South Africa must develop dedicated private security to protect its critical infrastructure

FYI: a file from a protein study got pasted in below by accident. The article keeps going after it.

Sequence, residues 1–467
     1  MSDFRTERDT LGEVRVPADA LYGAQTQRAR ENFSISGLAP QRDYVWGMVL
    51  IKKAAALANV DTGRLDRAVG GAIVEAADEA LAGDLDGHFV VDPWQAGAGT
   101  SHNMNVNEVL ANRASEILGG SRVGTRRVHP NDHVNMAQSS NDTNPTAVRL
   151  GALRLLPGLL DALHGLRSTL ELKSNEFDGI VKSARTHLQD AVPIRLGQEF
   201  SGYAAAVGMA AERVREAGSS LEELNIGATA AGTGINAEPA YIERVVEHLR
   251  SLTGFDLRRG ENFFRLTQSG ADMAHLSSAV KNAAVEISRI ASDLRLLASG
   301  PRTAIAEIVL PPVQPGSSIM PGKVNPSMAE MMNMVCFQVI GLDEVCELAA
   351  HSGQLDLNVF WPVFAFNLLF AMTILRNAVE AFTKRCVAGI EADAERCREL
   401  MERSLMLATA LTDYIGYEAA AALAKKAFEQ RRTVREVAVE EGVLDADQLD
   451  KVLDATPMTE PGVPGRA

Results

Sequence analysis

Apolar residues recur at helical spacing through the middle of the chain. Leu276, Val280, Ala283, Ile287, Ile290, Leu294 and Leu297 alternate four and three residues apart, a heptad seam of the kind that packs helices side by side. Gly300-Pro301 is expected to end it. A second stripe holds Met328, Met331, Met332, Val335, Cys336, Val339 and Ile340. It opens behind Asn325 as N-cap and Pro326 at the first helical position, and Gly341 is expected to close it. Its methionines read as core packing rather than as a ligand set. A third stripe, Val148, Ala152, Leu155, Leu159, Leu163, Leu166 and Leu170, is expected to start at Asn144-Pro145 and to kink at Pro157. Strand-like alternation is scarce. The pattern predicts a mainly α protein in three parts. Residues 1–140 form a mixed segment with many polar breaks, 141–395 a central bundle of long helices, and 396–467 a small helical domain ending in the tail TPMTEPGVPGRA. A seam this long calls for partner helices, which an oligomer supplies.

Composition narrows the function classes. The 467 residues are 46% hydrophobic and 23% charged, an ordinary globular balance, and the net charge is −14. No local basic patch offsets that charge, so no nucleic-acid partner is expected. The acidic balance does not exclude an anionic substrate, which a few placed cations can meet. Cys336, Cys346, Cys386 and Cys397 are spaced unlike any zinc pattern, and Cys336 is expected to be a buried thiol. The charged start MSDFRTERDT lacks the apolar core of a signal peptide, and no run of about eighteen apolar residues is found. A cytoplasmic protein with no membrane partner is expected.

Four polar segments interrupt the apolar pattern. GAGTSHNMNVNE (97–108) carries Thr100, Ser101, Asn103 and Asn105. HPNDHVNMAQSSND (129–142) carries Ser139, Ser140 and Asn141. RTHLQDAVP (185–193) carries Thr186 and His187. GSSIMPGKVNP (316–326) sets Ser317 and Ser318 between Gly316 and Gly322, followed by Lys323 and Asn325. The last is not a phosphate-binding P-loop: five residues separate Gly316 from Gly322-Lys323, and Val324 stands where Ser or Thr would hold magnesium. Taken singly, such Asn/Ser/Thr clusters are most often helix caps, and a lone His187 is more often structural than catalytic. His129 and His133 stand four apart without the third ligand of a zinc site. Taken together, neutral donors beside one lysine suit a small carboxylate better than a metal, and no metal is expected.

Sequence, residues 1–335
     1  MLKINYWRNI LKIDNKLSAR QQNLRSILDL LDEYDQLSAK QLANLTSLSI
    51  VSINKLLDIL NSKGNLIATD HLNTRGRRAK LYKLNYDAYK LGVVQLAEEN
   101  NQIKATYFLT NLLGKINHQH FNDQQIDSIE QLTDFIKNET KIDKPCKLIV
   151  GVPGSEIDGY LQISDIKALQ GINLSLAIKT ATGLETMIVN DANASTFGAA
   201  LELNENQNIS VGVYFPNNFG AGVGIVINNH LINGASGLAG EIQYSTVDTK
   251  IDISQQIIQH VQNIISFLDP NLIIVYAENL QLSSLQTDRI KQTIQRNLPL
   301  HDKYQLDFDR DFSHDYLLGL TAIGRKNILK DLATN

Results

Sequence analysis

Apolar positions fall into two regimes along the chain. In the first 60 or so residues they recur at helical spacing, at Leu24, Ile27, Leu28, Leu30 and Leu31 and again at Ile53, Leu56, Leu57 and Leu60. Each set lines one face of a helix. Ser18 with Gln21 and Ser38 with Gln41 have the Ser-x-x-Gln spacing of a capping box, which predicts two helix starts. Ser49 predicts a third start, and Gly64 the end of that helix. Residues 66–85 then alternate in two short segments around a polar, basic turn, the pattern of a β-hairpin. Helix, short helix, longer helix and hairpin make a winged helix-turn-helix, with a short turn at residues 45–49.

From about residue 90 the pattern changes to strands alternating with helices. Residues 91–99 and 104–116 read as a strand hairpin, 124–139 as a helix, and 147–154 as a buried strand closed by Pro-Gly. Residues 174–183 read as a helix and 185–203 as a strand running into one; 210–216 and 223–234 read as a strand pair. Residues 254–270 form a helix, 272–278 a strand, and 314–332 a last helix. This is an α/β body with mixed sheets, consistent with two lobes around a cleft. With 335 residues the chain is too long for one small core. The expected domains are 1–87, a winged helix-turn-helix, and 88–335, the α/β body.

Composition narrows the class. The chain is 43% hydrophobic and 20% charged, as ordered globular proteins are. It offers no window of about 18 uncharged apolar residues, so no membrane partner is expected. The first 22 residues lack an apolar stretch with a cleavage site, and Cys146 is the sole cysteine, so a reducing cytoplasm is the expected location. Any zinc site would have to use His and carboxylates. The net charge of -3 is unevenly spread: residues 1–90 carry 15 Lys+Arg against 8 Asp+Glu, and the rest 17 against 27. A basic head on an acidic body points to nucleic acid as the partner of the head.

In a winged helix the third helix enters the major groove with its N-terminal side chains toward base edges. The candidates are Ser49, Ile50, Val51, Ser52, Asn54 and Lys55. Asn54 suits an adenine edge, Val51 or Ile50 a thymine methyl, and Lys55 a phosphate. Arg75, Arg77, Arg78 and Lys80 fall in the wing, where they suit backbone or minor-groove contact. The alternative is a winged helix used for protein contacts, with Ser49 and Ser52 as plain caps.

South Africa is not the only country whose energy infrastructure faces security threats. There are many examples of attacks against critical infrastructure. These are usually related to cybersecurity. But physical attacks such as sabotage also occur. The Institute for Security Studies says attacks on critical infrastructure in developing countries, such as South Africa, could be “potentially devastating”. South Africa’s national security vulnerabilities, combined with security risks for a monolithic state entity without safeguards, could exacerbate the country’s electricity supply insecurities. Cyberattacks against Eskom’s critical infrastructure could cause serious damage. The result could be corresponding losses in production capacity and damage to the economy. National security vulnerabilities can be reduced by state security capabilities that are up to the task. A report by the expert panel on civil unrest in the country in July 2021 revealed serious capacity issues within the state security sector. The sector’s mandate is to warn the government and protect critical infrastructure and the public from hybrid threats. These include terrorism, subversion, sabotage, espionage and organized crime. This weakness was also highlighted in the 2018 High Level Review Panel on the State Security Agency. Protection of South Africa’s energy infrastructure falls under the mandate of the new Critical Infrastructure Protection Act 8 of 2019. These infrastructures are crucial for the efficient functioning of the economy, national security and public safety.



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